Barack Obama, the US president-elect, is expected to announce his choices for several senior administration posts at a news conference in Chicago.
But the many familiar faces among his picks, has raised questions about whether he can deliver on his campaign promise of change.
Obama is said to confirm on Monday that Hillary Clinton, his one time rival for the Democratic nomination, will be secretary of state and that Robert Gates, the defence secretary who has served two years under George Bush, will remain in his job.
According to Democratic officials, Obama is also expected to name Eric Holder, who served as deputy attorney-general in Bill Clinton's administration, as attorney-general and Janet Napolitano, Arizona's governor, as homeland security secretary.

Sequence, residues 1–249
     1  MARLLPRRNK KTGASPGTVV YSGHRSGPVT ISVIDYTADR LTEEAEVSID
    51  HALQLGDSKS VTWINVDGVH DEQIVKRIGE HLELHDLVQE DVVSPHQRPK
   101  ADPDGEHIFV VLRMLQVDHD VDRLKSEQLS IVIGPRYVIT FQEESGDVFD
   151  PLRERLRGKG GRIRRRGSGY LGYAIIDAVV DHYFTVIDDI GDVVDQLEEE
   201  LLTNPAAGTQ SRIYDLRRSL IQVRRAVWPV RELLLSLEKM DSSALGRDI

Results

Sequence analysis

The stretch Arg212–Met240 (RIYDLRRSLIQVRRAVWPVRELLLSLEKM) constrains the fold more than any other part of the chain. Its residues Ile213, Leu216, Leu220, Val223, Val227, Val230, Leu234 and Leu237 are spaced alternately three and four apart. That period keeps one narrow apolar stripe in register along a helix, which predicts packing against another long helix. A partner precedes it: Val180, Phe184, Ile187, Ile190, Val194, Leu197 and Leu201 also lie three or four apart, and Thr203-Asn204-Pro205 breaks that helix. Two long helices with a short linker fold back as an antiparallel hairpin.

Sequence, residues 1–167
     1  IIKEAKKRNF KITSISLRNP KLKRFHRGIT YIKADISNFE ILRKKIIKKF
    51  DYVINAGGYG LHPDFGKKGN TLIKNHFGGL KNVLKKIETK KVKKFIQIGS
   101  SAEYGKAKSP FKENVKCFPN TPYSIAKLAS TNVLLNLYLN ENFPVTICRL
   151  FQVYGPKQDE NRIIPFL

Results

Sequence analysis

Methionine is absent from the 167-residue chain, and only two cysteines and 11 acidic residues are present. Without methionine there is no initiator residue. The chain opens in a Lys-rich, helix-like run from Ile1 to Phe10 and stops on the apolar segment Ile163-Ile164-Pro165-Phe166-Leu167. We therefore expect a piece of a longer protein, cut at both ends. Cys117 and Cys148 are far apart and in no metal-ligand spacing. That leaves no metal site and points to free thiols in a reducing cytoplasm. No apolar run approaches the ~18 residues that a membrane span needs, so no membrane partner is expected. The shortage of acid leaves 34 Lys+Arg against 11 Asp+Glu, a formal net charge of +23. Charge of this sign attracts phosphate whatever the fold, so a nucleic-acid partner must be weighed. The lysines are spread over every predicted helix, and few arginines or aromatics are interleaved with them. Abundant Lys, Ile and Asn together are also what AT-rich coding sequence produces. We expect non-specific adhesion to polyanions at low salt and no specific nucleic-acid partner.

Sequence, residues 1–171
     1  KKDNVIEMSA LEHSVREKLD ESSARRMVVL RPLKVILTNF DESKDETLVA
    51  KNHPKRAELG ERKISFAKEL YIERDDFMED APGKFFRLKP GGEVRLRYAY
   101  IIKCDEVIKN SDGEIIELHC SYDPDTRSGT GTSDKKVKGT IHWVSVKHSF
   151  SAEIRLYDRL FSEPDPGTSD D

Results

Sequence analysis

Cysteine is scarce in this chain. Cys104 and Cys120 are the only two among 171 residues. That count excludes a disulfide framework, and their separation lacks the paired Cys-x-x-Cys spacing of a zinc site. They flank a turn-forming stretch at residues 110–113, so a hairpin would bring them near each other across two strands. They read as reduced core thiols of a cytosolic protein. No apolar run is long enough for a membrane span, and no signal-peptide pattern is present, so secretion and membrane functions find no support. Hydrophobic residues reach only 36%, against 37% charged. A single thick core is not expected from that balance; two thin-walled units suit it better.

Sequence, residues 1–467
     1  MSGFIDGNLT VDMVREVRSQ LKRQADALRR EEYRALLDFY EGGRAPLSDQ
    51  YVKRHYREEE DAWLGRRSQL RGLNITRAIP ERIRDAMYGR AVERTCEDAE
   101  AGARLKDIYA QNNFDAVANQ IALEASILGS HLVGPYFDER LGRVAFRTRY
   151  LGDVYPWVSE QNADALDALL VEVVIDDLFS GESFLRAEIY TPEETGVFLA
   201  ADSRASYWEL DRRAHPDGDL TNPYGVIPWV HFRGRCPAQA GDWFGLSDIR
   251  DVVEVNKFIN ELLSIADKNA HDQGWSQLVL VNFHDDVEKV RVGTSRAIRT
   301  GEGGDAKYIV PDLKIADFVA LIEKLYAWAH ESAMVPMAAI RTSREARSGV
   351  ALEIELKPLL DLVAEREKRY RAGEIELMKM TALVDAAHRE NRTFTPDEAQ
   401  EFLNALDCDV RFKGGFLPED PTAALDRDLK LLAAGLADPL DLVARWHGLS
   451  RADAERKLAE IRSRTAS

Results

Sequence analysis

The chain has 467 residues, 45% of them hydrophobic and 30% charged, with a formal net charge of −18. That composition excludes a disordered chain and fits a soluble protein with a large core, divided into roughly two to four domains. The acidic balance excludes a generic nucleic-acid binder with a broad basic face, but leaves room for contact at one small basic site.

The selections would mean a third of the 15 cabinet posts would have been filled less than a month after Obama was elected.
He is also expected to announce two senior foreign policy positions outside the cabinet - Susan Rice, his campaign foreign policy adviser, as UN ambassador, and retired General James Jones as national security adviser.
Last week, he named key members of his economic team, including Timothy Geithner, the president of Federal Reserve Bank of New York, as treasury secretary.
Critics have told Al Jazeera that the appointments were a move backwards.
"What we're seeing here is that Barack Obama is once again taking us back to the 1990s in terms of the people he's assembling," said Jeremy Scahill, the author of Blackwater.
"It's the old guard people who have been so wrong about so much from the beginning."
However, some say that the old guard blamed for past mistakes have gained valuable experience from those very errors said to have put the US in its current tenuous financial and military situation.
"There's a hope that he is using very experienced people with centrist credentials to drive a very bold, progressive programme," said Robert Borosage of Campaign for America's Future.